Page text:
5

Analysis of Multilocus Linkage Disequilibrium Structure in the Human Genome

Kim, Yunjung 30 March 2008 (has links)
The International HapMap Project and high- throughput genotyping technology have generated millions of genome-wide marker data that can be used in genetic studies. Each marker can be analyzed separately. But analyzing multiple markers simultaneously through haplotypes has generated great interest recently. Understanding the haplotype structure in the human genome may provide important information on human evolutionary history and identification of genetic variants responsible for human complex diseases. Since the alleles at closely linked markers on a single chromosome are often in statistical dependence (i.e. linkage disequilibrium (LD)), one crucial aspect of haplotype analysis is to characterize LD patterns in different regions and different populations. To assess the extent of correlation of genetic variation at multiple markers in a given region and a population, pairwise LD measures such as and have been commonly used. However, pairwise LD measures alone may be suboptimal to effectively capture the variability of background levels of disequilibrium since multilocus LD measures can provide information about simultaneous allele associations among multiple loci which pairwise LD measures miss. In addition, in order to fully characterize the haplotype structure and LD pattern at multiple markers, it is necessary to consider high order disequilibria and estimate their values.
6

Identifying Transcription Factor Targets and Studying Human Complex Disease Genes

Wang, Tianyuan 13 April 2009 (has links)
Transcription factors (TFs) have been characterized as mediators of human complex disease processes. The target genes of TFs also may be associated with disease. Identification of potential TF targets could further our understanding of gene-gene interactions underlying complex disease. We focused on two TFs, USF1 and ZNF217, because of their biological importance, especially their known genetic association with coronary artery disease (CAD), and the availability of chromatin immunoprecipitation microarray (ChIP-chip) results. First, we used USF1 ChIP-chip data as a training dataset to develop and evaluate several kernel logistic regression prediction models. Our most accurate predictor significantly outperformed standard PWM-based prediction methods. This novel prediction method enables a more accurate and efficient genome-scale identification of USF1 binding and associated target genes. Second, the results from independent linkage and gene expression studies suggest that ZNF217 also may be a candidate gene for CAD. We further investigated the role of ZNF217 for CAD in three independent CAD samples with different phenotypes. Our association studies of ZNF217 identified three SNPs having consistent association with CAD in three samples. Aorta expression profiling indicated that the proportion of the aorta with raised lesions was also positively correlated to ZNF217 expression. The combined evidence suggests that ZNF217 is a novel susceptibility gene for CAD. Finally, we applied our previously developed TF binding site (TFBS) prediction method to ZNF217. The performance of the prediction models of ZNF217 and USF1 are very similar. We demonstrated that our TFBS prediction method can be extended to other TFs. In summary, the results of this dissertation research are (1) evaluation of two TFs, USF1 and ZNF217, as susceptibility factors for CAD; (2) development of a generalized method for TFBS prediction; (3) prediction of TFBSs and target genes of two TFs, and identification of SNPs within TFBSs. This research allows for the development of study design to access TF based interactions in genetic susceptibility to human complex disease.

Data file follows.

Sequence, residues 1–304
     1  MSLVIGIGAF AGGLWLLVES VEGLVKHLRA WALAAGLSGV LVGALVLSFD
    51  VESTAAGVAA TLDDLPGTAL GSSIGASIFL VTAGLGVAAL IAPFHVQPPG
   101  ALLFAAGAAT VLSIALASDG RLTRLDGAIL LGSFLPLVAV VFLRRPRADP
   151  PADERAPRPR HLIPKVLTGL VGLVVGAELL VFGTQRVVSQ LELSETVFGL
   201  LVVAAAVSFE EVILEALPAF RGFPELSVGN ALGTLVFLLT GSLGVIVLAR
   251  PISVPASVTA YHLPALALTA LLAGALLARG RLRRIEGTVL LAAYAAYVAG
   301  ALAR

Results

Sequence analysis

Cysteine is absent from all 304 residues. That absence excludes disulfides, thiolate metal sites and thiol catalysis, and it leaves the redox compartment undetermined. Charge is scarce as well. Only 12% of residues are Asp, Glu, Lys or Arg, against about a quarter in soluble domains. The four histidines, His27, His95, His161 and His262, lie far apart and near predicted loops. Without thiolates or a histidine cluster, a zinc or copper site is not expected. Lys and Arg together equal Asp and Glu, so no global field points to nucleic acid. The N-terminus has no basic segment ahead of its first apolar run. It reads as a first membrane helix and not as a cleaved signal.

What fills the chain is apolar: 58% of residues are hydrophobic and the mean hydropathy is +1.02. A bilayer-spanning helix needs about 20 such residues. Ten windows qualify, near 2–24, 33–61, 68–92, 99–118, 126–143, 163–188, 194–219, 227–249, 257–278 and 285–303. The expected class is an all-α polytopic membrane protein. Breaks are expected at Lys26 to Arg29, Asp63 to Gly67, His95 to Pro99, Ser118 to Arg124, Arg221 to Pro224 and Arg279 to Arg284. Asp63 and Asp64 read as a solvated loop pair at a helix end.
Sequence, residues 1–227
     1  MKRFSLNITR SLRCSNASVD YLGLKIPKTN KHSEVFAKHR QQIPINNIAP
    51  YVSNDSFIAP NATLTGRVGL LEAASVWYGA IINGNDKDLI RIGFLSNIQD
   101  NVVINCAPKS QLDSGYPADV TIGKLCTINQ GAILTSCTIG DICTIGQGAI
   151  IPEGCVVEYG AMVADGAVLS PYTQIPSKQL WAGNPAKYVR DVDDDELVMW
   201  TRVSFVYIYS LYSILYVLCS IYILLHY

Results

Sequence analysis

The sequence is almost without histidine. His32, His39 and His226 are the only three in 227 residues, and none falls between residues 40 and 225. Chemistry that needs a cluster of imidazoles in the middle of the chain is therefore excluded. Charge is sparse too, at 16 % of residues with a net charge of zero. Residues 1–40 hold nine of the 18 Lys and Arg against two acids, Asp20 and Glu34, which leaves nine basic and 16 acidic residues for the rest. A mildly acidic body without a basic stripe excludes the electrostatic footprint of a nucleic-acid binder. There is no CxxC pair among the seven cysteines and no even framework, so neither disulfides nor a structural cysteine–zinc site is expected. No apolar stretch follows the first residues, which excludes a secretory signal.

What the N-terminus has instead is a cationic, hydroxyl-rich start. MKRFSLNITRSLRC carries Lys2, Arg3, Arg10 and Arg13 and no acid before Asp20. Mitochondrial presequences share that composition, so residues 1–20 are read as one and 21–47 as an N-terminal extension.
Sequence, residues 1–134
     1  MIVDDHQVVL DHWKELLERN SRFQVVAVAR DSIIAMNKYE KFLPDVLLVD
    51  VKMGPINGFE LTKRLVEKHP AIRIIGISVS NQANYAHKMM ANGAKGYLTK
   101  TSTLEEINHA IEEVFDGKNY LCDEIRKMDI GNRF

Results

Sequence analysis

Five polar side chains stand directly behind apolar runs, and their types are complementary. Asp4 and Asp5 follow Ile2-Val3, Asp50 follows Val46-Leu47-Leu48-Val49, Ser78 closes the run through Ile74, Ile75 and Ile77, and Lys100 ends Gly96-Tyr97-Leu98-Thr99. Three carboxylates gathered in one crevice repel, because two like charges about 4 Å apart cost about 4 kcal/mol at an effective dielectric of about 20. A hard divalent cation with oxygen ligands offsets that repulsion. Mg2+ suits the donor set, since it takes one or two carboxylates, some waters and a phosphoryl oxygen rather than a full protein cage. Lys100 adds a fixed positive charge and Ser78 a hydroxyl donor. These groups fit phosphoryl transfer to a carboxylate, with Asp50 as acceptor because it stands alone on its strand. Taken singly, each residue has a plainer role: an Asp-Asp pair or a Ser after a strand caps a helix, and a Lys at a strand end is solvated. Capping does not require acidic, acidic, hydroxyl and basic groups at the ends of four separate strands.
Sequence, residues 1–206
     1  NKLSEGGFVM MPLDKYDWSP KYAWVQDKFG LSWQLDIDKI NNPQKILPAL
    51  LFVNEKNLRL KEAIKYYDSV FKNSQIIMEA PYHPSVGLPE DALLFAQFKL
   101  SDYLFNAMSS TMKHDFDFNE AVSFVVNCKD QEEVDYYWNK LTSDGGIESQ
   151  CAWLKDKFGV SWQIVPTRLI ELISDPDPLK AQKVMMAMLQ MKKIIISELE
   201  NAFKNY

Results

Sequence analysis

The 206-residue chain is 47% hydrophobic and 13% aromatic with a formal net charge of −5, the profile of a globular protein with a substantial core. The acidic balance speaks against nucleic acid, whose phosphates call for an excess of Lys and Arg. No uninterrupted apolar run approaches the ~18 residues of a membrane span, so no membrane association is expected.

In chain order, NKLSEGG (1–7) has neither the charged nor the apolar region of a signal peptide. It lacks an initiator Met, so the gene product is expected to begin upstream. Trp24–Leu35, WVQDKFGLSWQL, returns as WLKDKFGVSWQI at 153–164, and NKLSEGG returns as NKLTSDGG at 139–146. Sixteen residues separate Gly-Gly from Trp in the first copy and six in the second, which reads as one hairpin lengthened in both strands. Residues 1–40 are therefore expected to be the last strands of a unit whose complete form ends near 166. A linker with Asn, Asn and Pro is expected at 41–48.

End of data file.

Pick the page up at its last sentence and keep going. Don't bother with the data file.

7

Site-to-site rate variation in protein coding genes

Mannino, Frank Vincent 28 April 2006 (has links)
The ability to realistically model gene evolution improved dramatically with the rejection of the assumption that rates are constant across sites. Rate heterogeneity models allow for better estimates of parameters and site specific inferences such as the detection of positive selection. Recently developed models of codon evolution allow for both synonymous and nonsynonymous rates to vary independently according to discretized gamma distributions. I applied this model to mitochondrial genomes and concluded that synonymous rate variation is present in many genes, and is of appreciable magnitude relative to the amount of nonsynonymous heterogeneity. I then extending this model to allow for the two rates to vary according to a dependent bivariate distribution, permitting tests for the significance of correlation of rates within a gene. I present here the algorithm to discretize this bivariate distribution and the application of the model to many real data sets. Significant correlation between synonymous and nonsynonymous rates exists in roughly half of the data sets that I examined, and the correlation is typically positive. These data sets range over a wide group of taxa and genes, implying that the trend of correlation is general. Finally, I performed a thorough investigation of the statistical properties of using discretized gamma distributions to model rate variation, looking at the bias and variance in parameter estimates. These discretized distributions are common in modeling heterogeneity, but have weaknesses that must be well understood before making inferences.
8

Spontaneous Mutation Discovery via High-Throughput Sequencing of Pedigrees

Keebler, Jonathan Edward Myers 20 April 2010 (has links)
Recent technological advances have made high-throughput DNA sequencing a routine laboratory experiment. This progression in technology has been made possible by the parallel production of millions of short fragments of sequence. The responsibility of garnering biological information from these DNA fragments has shifted from the wet-lab to the bioinformatician. As sequencing technology is applied to a growing number of individual human genomes, entire families are now being sequenced. Information contained within the pedigree of a sequenced family can be leveraged when inferring the donorsâ genotypes, a task that is not necessarily trivial using high-throughput sequencing reads. A violation of Mendelian inheritance laws observed amid the resequenced genomes of family members can indicate the presence of a de novo mutation. A method for locating de novo mutations by probabilistically inferring genotypes across a pedigree using high-throughput sequencing is presented and applied to two resequenced nuclear families: one as a collaborative effort within The 1,000 Genomes Project, and the second in an attempt to discover candidate driver and passenger mutations within the genome of an Acute Lymphoblastic Leukemia. The mutation findings within these projects are presented, and the approach is examined in detail, highlighting areas where method improvements may be made. Considering the challenges experienced in these studies within the larger context of the nascent field of Personal Genomics, an honest assessment is presented of developments that must be made before the application of whole-genome sequencing on the scale of an individual human can unequivocally be used to predict, diagnose, or treat human disease.